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Offline Mads

JGO Ninja


Medals: 24
Projects: 3


One for all!


« Posted 2010-08-28 21:54:44 »

How'd you go about making a particle system?
Make a thousand particle objects, that are painted seperately?
^How would you do that? Manually? A loop is impossible..

Am I overlooking something? How do you do it? Smiley

Offline ryanm

Senior Member


Projects: 1


Used to be bleb


« Reply #1 - Posted 2010-08-28 23:03:37 »

A loop is impossible..
Why?

There's not really any magic to particle systems, it's just a load of coordinate, velocity, and lifetime/colour/whatever data that you loop through to update and paint.
The thing not to do is have an object per particle to encapsulate this data - you'll waste enormous amounts of memory on object overhead and it probably wont be cache-friendly. Instead, pack the data for loads of particles into a few float arrays. For instance:
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2  
3  
4  
5  
6  
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float[] particles = new float[]{px1, py1, vx1, vy1, px2, py2, vx2, vy2, ...};
// move particles
for( int i = 0; i < particles.length; i+=4 )
{
   particles[ i ] += particles[ i+2 ] * timeDelta;
   particles[ i+1 ] += particles[ i+3 ] * timeDelta;
}
Offline Nate

JGO Kernel


Medals: 129
Projects: 3
Exp: 14 years


Esoteric Software


« Reply #2 - Posted 2010-08-28 23:41:33 »

An example:
http://code.google.com/p/skorpios/source/browse/trunk/#trunk/skorpios-common/src/com/esotericsoftware/skorpios/opengl/particles
See Emitter and PointEmitter for the simplest example. Note the numbers are fixed point.

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Offline Eli Delventhal

JGO Kernel


Medals: 42
Projects: 12


Game Engineer


« Reply #3 - Posted 2010-08-29 01:53:18 »

Also, if you're using OpenGL, it helps to have particles sorted by texture, otherwise you're doing a whole lot of wasteful texture binding.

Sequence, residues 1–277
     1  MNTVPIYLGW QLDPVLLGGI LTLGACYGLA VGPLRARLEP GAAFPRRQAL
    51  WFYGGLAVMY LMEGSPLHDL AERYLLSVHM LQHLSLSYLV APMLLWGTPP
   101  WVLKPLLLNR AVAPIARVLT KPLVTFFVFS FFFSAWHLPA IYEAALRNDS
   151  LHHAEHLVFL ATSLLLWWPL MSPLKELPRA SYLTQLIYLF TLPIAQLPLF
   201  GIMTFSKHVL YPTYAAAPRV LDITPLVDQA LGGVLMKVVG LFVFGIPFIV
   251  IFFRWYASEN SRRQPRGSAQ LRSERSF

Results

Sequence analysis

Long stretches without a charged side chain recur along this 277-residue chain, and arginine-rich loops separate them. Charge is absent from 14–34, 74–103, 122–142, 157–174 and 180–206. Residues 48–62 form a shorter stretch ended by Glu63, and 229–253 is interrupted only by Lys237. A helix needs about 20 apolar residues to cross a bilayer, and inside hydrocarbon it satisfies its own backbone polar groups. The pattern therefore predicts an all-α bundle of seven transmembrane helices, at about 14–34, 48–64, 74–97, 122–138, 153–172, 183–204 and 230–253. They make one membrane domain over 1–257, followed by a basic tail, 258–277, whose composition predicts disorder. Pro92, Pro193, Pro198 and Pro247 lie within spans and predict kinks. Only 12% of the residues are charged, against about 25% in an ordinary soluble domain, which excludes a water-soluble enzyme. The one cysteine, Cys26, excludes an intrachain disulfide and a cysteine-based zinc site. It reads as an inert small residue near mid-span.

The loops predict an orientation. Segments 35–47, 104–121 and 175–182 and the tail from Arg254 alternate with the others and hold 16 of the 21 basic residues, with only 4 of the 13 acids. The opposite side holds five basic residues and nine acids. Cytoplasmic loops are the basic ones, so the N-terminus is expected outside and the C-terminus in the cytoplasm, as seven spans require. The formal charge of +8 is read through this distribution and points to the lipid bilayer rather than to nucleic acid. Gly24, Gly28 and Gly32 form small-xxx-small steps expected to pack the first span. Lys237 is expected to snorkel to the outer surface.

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Offline Riven
« League of Dukes »

JGO Overlord


Medals: 605
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Hand over your head.


« Reply #4 - Posted 2010-08-29 12:08:08 »

Also, if you're using OpenGL, it helps to have particles sorted by texture, otherwise you're doing a whole lot of wasteful texture binding.

That usually only works well for sprites. Particles often have translucent textures, which means you have to depth-sort them.

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Offline Eli Delventhal

JGO Kernel


Medals: 42
Projects: 12


Game Engineer


« Reply #5 - Posted 2010-08-30 05:15:00 »

That usually only works well for sprites. Particles often have translucent textures, which means you have to depth-sort them.
This is a true statement. Instead you just put all your particles into a single giant texture atlas. :-)

See my work:
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Offline Roquen
« Reply #6 - Posted 2010-08-30 10:02:31 »

Also, they don't have to be truly sorted.  If your willing to have minor defects (i.e. very unlikely to be noticed), they can be simply be "mostly" sorted.  There's also order independent transparency techniques.
Offline Riven